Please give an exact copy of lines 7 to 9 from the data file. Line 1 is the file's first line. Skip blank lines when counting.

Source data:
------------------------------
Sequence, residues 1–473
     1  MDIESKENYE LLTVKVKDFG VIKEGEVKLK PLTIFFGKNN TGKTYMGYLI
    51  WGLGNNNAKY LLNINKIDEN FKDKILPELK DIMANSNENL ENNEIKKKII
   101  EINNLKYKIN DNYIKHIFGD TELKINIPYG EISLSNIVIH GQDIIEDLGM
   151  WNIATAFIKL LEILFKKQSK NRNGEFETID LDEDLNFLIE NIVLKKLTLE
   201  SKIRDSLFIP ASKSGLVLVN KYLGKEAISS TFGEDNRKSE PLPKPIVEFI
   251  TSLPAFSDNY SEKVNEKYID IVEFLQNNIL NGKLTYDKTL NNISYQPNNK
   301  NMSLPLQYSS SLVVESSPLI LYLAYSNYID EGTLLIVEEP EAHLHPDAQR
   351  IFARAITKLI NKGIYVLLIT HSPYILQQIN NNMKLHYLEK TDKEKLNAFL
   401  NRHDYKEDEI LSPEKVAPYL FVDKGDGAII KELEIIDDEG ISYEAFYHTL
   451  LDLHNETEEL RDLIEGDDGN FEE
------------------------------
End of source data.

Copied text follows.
   251  TSLPAFSDNY SEKVNEKYID IVEFLQNNIL NGKLTYDKTL NNISYQPNNK
   301  NMSLPLQYSS SLVVESSPLI LYLAYSNYID EGTLLIVEEP EAHLHPDAQR
   351  IFARAITKLI NKGIYVLLIT HSPYILQQIN NNMKLHYLEK TDKEKLNAFL